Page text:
When I thought of writing about costumes of India for this blog, Banarasi saree was the first that came to my mind. There is something about this kind of saree that fascinates me. I have been to Varanasi, but never really got impressed with the city. The saree that this city produces, though, is different. I have always had a fascination for the Banarasi sarees.
As a child, I always found my mother’s Banarasi sarees royal. They were given to her during her wedding and she has always kept them with utmost care. Amongst all, my favourite was a blue saree which had golden work on it. Looking at the saree, even today, gives me a lot of pleasure and reminds of skills of Indian weavers.
The art of making Banarasi sarees flourished during the Mughal era. In those times, the raw material for the saree came from China. However, today, the matierial comes from Banagalore. The process of making the Banarasi saree is no simple. A lot of effort goes in to produce one single saree. Approximately 5600 thread wires are used to make one saree. Ideally, three people work together to make this saree. Weaving, dying and creating lacchis are all integral part of Banarasi saree making process. Designing of the saree follows with the artist finalising the pattern on the graph paper with colour concept . Traditional design include scenes from village, fairs, flowers and foliage. Once the design is selected, perforated puch cards are prepared. These cards finally guide in making the saree.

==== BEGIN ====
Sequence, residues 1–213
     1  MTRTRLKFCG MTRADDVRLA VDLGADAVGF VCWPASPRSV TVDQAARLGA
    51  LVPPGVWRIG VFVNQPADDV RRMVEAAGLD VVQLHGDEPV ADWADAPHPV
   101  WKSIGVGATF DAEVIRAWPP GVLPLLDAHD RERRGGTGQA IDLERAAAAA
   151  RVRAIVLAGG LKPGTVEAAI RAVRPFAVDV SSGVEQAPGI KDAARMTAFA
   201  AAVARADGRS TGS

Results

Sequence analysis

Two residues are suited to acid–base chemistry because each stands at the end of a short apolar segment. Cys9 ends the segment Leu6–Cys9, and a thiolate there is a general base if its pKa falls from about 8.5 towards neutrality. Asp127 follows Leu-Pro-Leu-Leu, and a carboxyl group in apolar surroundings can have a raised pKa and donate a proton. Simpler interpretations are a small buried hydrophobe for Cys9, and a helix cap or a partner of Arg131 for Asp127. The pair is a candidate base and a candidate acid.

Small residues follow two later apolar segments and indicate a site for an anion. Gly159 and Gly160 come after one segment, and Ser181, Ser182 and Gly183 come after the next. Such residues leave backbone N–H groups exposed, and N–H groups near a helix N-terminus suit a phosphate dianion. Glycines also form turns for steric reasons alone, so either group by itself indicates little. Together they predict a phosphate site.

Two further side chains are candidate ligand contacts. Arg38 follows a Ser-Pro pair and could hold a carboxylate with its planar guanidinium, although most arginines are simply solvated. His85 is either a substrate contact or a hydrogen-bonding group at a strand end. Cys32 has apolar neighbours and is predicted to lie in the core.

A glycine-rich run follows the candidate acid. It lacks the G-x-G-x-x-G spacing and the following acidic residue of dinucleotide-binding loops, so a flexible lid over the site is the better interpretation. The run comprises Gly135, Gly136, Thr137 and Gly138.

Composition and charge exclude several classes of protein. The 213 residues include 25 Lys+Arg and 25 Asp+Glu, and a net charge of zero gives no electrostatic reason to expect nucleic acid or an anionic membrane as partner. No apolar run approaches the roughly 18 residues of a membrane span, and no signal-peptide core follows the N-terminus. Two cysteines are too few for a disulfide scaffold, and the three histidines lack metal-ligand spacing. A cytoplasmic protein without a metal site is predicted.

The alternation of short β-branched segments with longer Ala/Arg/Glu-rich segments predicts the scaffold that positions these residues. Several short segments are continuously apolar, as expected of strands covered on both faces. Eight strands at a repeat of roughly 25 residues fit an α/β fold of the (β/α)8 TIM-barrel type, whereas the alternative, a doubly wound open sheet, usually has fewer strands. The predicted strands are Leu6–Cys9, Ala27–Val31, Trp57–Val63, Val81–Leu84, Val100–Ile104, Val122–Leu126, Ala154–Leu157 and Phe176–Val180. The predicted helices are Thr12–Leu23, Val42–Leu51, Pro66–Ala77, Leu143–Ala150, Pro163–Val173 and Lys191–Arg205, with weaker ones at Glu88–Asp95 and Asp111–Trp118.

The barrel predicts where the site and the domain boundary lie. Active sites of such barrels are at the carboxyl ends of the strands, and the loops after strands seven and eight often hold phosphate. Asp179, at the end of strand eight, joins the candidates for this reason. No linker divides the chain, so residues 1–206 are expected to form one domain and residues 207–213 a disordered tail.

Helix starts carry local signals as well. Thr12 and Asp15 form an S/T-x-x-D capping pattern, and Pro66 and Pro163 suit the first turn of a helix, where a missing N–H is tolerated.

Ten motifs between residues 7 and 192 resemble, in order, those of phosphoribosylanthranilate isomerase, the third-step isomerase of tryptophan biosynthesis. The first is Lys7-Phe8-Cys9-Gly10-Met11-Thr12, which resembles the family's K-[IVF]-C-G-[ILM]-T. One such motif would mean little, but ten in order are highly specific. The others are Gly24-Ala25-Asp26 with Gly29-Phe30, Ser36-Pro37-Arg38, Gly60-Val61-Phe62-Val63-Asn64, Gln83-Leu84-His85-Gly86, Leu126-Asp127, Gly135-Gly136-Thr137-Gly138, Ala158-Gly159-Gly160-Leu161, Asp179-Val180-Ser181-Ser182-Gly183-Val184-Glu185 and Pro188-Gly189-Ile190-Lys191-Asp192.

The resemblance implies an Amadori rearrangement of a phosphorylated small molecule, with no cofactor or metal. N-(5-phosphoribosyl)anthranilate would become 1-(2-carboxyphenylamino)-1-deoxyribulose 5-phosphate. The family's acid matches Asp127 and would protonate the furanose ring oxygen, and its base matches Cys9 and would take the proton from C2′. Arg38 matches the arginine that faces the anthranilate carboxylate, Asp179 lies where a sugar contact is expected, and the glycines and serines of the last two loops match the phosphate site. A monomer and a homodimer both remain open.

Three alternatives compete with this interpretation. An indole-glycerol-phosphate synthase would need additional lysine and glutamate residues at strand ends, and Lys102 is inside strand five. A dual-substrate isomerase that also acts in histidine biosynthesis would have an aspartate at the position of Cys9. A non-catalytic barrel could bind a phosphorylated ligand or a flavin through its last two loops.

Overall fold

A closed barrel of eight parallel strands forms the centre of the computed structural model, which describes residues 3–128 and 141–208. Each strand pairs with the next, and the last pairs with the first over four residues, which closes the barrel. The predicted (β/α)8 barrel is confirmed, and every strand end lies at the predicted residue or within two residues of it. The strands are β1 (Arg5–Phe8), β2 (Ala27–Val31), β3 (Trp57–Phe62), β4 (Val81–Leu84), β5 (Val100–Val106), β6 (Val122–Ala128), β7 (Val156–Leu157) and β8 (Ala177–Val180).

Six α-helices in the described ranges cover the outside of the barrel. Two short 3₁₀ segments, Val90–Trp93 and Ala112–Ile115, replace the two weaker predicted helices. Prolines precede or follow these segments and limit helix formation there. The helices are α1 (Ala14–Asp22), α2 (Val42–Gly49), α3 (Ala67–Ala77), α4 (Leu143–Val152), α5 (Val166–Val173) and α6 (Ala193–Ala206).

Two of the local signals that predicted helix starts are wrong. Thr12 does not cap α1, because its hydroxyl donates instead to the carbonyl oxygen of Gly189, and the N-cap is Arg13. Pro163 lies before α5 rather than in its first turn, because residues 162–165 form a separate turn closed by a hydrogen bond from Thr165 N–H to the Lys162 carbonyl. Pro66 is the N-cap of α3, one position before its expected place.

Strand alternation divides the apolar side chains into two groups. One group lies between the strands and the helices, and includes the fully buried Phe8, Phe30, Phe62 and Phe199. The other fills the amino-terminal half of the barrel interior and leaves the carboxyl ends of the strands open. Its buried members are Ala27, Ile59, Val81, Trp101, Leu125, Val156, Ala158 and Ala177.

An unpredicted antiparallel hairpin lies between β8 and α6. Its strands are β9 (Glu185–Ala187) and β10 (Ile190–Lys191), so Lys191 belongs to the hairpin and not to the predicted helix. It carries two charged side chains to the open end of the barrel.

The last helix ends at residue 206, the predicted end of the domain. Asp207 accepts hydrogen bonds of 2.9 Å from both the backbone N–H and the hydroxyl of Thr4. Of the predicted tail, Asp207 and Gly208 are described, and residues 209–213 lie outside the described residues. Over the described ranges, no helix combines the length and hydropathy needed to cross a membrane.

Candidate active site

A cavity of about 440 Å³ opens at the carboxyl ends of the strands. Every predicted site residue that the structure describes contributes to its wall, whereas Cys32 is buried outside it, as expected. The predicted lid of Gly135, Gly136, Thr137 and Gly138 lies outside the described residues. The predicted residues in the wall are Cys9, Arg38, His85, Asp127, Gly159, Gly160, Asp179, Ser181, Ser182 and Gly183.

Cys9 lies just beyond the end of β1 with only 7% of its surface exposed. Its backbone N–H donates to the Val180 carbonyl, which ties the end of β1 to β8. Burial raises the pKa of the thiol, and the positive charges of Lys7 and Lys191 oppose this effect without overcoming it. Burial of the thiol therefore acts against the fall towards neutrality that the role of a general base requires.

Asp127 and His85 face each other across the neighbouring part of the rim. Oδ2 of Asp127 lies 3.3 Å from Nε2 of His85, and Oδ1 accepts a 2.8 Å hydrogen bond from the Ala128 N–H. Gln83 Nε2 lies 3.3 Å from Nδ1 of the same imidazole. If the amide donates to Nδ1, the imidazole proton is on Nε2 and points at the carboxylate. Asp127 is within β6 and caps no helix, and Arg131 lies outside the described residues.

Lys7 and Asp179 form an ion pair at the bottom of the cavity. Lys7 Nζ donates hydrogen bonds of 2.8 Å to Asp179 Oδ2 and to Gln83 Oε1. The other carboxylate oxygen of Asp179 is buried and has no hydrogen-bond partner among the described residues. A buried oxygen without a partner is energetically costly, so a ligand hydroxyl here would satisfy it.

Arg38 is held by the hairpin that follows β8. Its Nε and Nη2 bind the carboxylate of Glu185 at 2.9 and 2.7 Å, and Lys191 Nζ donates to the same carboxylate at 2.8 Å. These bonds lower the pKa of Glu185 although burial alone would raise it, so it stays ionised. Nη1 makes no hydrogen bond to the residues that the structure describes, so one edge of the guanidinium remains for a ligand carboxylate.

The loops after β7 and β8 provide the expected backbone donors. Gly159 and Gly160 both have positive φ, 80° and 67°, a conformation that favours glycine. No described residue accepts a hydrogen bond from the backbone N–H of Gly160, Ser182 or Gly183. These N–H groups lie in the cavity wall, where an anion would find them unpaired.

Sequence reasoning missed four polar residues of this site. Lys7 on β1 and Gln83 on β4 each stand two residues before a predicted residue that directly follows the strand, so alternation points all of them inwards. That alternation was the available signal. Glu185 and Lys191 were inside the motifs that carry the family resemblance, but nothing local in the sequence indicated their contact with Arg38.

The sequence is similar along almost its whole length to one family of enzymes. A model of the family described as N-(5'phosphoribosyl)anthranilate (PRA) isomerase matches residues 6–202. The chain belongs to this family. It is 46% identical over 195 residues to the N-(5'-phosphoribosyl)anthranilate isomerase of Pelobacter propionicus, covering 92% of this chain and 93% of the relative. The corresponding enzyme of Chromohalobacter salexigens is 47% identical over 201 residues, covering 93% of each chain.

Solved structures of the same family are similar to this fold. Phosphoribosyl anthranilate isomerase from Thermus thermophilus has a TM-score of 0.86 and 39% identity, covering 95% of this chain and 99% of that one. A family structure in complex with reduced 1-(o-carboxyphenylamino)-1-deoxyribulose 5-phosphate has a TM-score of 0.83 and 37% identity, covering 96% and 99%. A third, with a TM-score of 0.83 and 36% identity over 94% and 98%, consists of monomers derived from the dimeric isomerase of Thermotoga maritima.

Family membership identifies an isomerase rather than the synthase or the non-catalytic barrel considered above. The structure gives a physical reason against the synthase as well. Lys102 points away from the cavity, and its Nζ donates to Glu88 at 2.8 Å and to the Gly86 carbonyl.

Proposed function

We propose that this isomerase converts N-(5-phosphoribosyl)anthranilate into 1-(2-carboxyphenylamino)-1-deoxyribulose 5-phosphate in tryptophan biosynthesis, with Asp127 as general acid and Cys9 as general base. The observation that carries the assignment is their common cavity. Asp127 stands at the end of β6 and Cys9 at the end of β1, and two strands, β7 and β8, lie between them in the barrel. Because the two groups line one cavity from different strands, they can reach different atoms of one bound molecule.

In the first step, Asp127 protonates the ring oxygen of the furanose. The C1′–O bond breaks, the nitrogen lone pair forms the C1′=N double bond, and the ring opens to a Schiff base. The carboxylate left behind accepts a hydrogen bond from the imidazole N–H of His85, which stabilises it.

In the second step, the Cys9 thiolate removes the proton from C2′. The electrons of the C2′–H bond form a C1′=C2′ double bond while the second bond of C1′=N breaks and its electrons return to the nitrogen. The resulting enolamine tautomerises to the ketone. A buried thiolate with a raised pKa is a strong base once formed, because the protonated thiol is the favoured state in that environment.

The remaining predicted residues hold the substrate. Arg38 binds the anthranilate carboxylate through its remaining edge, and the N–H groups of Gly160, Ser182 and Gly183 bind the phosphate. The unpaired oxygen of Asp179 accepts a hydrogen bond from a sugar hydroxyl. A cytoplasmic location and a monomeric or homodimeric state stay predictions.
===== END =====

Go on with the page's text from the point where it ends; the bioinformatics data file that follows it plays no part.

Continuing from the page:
Banarasi sarees are indispensable part of Indian Hindu weddings. All brides make sure that they have atleast few Banarasi sarees in their suitcases. These saree are also rated high in the Indian as well as International fashion industry. Attached below are few images of the saree that is loved by one and all.